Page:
"We continue to invest heavily in imaging and imaging continues to be one of those geese that lays the golden egg for us."
Cassling President Kyle Salem, PhD, recently sat down with Bob Senneff, President and CEO at Graham Health System in Canton, Illinois. They discussed a wide range of topics, including rural healthcare, the importance of including physicians in administrative discussions, the movement toward value-based care and Accountable Care Organizations (ACOs), payer negotiations, imaging’s increasingly valuable role within healthcare organizations, and how to succeed in an increasingly complex field.
The following is an interview transcript edited for clarity and length. If you prefer, you can listen to the full podcast in the player below.
Kyle Salem: Hi, everybody. I'm your host, Kyle Salem. Today I have with me Bob Senneff, President and CEO at Graham Health System in Canton, IL. Welcome, Bob.
Bob Senneff: Thank you, Kyle. I appreciate being able to participate.
Evolving to Meet the Changing Times
Kyle Salem: Give everybody a little bit of a sense of your background. How did you get your start?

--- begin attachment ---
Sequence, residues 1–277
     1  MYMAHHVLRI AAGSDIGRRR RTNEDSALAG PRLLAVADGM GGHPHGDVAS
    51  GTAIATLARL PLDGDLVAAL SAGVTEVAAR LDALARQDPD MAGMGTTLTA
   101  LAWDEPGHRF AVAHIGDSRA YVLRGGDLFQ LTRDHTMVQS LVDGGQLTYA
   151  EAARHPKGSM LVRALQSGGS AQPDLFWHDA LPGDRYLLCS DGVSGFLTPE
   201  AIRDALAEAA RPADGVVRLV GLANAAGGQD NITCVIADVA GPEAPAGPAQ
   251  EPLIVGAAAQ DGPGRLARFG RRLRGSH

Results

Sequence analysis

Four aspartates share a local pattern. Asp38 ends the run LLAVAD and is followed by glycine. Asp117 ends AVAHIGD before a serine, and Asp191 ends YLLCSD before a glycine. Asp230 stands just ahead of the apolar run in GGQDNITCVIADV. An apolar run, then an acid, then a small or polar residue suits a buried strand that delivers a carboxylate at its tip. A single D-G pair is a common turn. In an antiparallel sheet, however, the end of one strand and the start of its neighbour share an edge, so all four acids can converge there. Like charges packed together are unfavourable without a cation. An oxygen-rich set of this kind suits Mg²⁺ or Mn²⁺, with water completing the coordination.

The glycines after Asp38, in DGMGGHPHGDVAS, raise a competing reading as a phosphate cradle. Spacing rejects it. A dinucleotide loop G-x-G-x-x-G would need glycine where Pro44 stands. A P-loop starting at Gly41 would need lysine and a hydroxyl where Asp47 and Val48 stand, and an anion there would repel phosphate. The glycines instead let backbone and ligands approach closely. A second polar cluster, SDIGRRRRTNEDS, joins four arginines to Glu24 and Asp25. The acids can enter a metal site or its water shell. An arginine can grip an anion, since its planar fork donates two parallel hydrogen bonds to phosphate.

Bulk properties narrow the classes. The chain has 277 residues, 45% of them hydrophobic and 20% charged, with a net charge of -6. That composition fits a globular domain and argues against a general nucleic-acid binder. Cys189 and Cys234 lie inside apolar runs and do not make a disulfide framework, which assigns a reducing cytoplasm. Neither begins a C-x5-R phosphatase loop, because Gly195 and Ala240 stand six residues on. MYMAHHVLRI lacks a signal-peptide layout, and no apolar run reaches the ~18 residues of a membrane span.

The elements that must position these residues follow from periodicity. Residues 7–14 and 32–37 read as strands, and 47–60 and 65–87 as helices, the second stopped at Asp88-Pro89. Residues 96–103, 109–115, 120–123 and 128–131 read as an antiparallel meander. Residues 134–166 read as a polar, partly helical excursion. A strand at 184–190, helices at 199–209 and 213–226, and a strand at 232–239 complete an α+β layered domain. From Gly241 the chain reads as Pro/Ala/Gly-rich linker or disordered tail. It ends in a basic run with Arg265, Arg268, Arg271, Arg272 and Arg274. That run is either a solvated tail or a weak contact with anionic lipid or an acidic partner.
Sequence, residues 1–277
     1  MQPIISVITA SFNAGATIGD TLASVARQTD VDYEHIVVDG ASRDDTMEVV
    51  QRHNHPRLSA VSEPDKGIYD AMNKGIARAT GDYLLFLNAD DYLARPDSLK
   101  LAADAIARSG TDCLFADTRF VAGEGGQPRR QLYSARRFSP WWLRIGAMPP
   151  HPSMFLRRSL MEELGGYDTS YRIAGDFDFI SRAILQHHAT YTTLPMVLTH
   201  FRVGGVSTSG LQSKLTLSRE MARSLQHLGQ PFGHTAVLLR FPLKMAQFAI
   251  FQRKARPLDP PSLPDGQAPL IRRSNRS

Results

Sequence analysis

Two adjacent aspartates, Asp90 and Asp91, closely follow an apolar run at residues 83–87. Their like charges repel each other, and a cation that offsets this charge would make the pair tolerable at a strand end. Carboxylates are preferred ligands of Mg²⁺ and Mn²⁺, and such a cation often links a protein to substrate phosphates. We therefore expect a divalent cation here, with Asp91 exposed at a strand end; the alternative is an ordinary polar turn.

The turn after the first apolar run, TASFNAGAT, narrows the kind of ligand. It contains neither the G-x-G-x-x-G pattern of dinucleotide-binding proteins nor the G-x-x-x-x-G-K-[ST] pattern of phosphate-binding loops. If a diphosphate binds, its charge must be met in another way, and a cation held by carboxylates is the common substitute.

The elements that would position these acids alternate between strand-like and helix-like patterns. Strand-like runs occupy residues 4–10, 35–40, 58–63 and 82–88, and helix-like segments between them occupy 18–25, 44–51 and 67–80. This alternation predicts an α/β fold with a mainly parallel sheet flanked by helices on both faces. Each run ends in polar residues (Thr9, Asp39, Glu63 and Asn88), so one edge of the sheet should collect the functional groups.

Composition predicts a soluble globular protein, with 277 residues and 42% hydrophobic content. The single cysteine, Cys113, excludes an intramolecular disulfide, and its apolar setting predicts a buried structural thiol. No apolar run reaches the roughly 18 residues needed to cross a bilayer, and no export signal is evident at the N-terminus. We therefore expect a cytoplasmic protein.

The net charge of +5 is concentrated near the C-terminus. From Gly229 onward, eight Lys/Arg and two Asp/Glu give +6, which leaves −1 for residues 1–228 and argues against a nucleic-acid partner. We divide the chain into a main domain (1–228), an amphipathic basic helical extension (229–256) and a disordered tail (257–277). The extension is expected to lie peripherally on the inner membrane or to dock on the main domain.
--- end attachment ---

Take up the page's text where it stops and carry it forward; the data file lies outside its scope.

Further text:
Bob Senneff: Literally, my first job out of my residency was as CEO of a small hospital out in Kansas. So I hit the ground running and really never looked back and just built upon my success in Kansas. Thirteen years ago, the position opened up here at Graham. I hadn’t been looking for a position, but I'm the kind of guy who likes to have a lot on his plate, so when things came open with a bigger plate and more on the plate, I researched those opportunities and Canton’s been a great fit for me over the last 13 years.
Kyle Salem: In those 13 years, I imagine Graham has evolved quite a bit from a services and patient-based sort of perspective. Talk a little bit about what Graham is today, both the health system and the patients you serve.